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It’s All About the Veggies . . . sigh.

The Problem: Since moving to Seattle I’ve steadily gained weight, developed mild anemia and watched my Vitamin D levels move to the low-end of the normal range – AWESOME!  Unable to determine a freak cause, my Dr. referred me to a registered dietician to see if we could address these issues with some good old-fashioned dietary sense.

The Prep: In preparation for my appointment, I kept a food and exercise log for 3 weeks.  This process combined with my 3 times per week tennis sessions, twice a week pilates and once a week treadmill torture helped me lose 3 lbs.  When I know someone is going to be sizing up what I eat and how much I exercise I tend to be more mindful of what I eat and get movin!  Besides, it’s a pain writing down, a bite of this, a bite of that, etc. 

The Meeting:  During the hour I spent with my RD, we discussed my concerns, blood test results, and the basic unpleasant facts.  As women age our metabolism slows down and we lose at least 1% of our muscle mass per year.  Joy.  We discussed my Vitamin D levels and different options for boosting them (I already take a multivitamin and calcium with Vitamin D daily) and working in more dark, leafy greens to address that anemia issue.  Then she analyzed my diet and exercise log.

The Verdict:  I received kudos for my exercise routine.  The rule of thumb minimum is two weight training sessions a week (and pilates counts) and 150 minutes of cardio – I’m easily getting 200+ minutes of cardio a week and have been logging at least 2 pilates sessions pretty faithfully.  Now I just need to maintain it. 

I got credit for eating whole wheat pasta over white, eating regularly throughout the day and eating breakfast.  However, she detected a very unhealthy and potentially weight-gain causing trend in my diet – I don’t eat enough vegetables and fruit.  Not a real surprise – I have never been fond of salads (unless they entail blue cheese and lots of dressing which defeats the point), crudite does not excite me as a snack, and I always think of vegetables and cooking as going hand-in-hand.  As a result my diet is very carb and protein heavy (meaning meat, rice, pasta, cheese).  Not especially low cal or filling.

My New Goals: Due to how lacking my diet is in veggies, my RD set goals for the next 3 weeks (before my next appointment) that are moderate:

  • Eat 3 cups of veggies (potatoes, corn, squashes and regular peas do not count) and 2 cups of fruit a day. 
  • No more than 150 calories of dessert type foods (cookies, etc.) per day.
  • Remember to divide my meals into 2/3 plate veggies, 1/3 protein, 1/3 starches.
  • Have veggies with cheese or hummus in place of crackers.
  • Eat 1 serv. fruit with breakfast.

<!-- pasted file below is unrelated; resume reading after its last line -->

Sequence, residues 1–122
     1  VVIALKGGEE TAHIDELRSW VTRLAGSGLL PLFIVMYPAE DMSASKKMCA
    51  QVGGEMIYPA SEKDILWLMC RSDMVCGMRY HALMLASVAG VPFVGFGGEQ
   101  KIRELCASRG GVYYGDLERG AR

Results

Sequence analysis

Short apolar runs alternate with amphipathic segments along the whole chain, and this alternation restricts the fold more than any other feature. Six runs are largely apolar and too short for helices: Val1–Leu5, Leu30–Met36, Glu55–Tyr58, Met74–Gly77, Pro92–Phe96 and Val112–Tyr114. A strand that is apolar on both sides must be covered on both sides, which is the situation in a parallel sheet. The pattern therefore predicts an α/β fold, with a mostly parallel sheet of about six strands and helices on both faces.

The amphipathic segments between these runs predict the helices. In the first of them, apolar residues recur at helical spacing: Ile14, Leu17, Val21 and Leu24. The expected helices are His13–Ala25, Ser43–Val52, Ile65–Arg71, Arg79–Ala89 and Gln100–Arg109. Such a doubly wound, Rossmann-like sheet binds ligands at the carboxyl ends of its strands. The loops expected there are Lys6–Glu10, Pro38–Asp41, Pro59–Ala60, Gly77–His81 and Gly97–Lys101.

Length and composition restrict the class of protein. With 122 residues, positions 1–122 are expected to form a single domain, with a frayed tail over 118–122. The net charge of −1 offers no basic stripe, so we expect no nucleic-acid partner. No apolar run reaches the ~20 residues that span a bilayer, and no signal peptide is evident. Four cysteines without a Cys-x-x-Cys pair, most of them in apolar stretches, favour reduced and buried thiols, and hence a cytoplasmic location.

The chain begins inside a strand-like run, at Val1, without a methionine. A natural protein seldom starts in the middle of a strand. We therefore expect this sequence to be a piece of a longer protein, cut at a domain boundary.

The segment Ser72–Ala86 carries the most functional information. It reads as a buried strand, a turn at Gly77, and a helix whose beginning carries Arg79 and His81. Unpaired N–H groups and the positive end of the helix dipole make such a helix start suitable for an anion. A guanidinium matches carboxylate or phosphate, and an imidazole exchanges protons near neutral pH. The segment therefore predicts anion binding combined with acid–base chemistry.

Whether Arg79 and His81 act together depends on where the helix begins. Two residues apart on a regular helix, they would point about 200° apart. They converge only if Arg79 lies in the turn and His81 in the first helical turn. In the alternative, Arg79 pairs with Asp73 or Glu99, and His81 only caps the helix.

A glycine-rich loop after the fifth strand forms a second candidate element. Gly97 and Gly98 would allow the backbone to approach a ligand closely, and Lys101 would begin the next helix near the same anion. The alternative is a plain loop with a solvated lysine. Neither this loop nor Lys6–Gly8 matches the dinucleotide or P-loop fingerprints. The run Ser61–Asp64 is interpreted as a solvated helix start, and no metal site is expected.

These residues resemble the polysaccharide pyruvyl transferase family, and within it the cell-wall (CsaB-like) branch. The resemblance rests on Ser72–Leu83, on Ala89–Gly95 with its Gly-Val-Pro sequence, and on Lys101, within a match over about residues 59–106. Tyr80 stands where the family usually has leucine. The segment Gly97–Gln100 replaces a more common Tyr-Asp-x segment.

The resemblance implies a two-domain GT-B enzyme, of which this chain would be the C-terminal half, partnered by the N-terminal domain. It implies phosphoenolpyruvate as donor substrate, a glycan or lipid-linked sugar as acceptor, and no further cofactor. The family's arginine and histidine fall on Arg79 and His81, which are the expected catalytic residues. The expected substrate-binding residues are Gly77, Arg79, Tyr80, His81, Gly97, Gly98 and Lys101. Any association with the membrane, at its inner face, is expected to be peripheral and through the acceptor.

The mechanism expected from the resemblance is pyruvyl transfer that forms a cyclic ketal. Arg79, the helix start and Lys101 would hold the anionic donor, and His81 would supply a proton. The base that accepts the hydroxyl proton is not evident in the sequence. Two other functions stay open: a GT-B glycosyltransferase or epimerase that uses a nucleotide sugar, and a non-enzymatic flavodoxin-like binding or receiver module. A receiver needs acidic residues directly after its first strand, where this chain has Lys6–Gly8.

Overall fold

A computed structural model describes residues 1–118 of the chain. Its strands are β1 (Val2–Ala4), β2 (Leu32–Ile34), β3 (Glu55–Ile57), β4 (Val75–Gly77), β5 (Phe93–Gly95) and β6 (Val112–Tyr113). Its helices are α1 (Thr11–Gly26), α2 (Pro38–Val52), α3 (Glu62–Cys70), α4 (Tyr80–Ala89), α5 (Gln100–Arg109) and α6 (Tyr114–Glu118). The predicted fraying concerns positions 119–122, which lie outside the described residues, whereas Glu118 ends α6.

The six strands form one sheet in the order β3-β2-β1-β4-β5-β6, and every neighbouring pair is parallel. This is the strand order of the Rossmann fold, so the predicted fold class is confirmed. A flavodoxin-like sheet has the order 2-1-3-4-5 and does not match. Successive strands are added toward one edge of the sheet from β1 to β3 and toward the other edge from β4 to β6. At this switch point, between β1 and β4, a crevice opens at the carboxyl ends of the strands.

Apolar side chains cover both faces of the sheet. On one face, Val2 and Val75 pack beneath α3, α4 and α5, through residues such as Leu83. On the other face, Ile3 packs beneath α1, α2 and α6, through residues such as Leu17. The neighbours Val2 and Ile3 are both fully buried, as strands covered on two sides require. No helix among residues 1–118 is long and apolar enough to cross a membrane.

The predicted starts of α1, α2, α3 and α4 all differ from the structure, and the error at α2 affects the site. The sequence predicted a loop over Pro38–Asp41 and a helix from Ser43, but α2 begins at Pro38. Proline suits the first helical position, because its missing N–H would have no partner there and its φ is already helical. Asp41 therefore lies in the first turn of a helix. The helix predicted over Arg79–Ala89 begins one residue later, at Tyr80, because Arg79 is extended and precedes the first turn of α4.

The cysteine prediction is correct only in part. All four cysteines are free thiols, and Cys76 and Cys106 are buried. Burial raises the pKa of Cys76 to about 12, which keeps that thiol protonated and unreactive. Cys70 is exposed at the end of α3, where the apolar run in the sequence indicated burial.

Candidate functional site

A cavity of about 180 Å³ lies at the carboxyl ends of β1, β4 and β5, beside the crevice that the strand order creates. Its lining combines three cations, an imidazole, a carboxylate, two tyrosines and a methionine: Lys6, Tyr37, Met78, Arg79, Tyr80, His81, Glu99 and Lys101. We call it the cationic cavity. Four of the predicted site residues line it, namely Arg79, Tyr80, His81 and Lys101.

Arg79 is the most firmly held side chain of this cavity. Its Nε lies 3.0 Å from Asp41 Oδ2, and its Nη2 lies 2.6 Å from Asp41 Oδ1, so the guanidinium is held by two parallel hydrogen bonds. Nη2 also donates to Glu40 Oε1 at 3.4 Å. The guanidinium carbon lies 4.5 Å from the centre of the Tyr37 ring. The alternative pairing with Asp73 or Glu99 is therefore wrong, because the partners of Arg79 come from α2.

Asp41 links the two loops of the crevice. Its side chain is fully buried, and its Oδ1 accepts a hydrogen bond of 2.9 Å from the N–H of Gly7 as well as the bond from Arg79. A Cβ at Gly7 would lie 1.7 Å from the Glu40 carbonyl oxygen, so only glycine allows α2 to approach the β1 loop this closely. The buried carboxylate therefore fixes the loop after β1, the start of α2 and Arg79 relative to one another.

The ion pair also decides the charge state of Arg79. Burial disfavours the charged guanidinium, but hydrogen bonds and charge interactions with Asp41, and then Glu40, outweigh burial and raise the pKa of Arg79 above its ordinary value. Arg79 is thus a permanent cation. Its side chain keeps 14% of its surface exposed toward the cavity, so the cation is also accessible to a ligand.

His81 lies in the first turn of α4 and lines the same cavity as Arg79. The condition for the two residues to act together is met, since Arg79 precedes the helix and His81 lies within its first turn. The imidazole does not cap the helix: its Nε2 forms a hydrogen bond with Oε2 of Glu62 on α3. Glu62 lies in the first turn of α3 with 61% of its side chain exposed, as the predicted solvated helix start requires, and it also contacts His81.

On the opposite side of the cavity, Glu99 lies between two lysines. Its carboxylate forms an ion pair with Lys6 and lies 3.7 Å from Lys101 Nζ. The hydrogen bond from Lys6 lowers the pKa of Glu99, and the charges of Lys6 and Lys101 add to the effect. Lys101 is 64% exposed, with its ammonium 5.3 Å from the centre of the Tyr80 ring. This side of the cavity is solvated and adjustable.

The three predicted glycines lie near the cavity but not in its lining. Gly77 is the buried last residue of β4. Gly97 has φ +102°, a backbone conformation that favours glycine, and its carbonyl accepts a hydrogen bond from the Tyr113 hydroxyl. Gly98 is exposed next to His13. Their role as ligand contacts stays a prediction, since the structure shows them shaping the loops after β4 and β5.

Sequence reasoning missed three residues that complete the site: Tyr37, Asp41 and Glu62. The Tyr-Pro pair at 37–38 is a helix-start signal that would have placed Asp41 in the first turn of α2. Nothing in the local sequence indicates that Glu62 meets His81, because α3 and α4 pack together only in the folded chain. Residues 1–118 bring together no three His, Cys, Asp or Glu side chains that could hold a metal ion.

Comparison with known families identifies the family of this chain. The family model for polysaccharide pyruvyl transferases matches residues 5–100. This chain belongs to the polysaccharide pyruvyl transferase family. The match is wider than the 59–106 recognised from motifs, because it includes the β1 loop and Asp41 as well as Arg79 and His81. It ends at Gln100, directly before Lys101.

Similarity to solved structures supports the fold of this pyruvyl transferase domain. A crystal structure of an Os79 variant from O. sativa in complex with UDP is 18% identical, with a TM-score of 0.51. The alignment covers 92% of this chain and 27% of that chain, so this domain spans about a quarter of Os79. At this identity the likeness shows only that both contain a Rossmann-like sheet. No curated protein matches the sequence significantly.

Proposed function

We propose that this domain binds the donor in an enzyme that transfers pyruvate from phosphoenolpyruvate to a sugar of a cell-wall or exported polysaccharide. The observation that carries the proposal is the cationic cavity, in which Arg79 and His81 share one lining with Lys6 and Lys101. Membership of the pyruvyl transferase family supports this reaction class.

• No more protein bars.
  • More evenly distribute my calories throughout the day instead of saving most of them until I get home from work.

Sigh.  Anyone have any good veggie recipes?


5 Responses

  1. I made it a goal this year to eat more fruit and veggies…I’ve found it easy to have a fruit smothie with spinach and protein powder for breakfast, add a salad as a side to lunch or dinner and eat a piece of fruit as an afternoon snack with cheese or yogurt or crackers, etc. Recently I’ve been experimenting with salad recipes for my main lunch and it’s been working out great. Try looking at clean eating magazine…they usually have great recipes that inlcude lots of veggies…though roasting is my favorite way to cook them up! I also started using the produce delivery service and that tends to make me eat more fruit and veggies since I don’t want anything to go to waste.

  2. Indeed! The more fresh and cooked vegetables and fresh fruit you eat will curb any other hunger.

    On the “Eat To Live” Greens and Beans diet plan we eat at least a pound of cooked and a pound of fresh vegetables a day. And unlimited amounts of cooked beans, of course, you fill up before you finish a pound of each.

    Bon appetite!

  3. I have one word for you girl – SMOOTHIE!

  4. Good luck with that. You may want to get really good at making vegtable soup and pounding blueberries. Try cutting up zucchini, puttig a dab of olive oil and sprinkle heavily with parmesan, asiago cheeses. Bake until tender. Or saute a whole onion (sweet) in a bit of olive oil and have with rice and parmesan cheese. Both are surprisingly good and filling. You can add spinich to the pan after the onion is 80% down and cook together. Also really good and that should easliy hit your requirement. When you saute spinach it takes an entire bag of spinach to have a decent amount to eat because it cooks down so much.

  5. Sarah – For me the two cups of fruit a day is unrealistic but I do love Kashi Go Lean (140 cals per cup and 40% fiber) with blueberries, bananas and strawberries for breakfast. I also eat spinach and egg whites or mixed greens with a poached egg as alternatives.
    Any cookbook by Mollie Katzen and follow her on Twitter!
    I steam a few artichokes a week (my website has deets) and quarter them so they’re ready all week. Quick tip is buy a great veggie soup and have it in fridge at all times.
    I strive for 50% veggies a day and I feel great.

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